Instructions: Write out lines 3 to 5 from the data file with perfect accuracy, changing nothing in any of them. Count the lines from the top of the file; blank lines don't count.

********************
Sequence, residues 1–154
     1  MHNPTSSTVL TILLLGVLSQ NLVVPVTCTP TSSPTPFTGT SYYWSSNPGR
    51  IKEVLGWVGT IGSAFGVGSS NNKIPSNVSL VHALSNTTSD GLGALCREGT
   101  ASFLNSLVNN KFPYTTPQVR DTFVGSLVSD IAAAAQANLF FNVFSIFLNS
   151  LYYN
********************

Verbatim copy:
    51  IKEVLGWVGT IGSAFGVGSS NNKIPSNVSL VHALSNTTSD GLGALCREGT
   101  ASFLNSLVNN KFPYTTPQVR DTFVGSLVSD IAAAAQANLF FNVFSIFLNS
   151  LYYN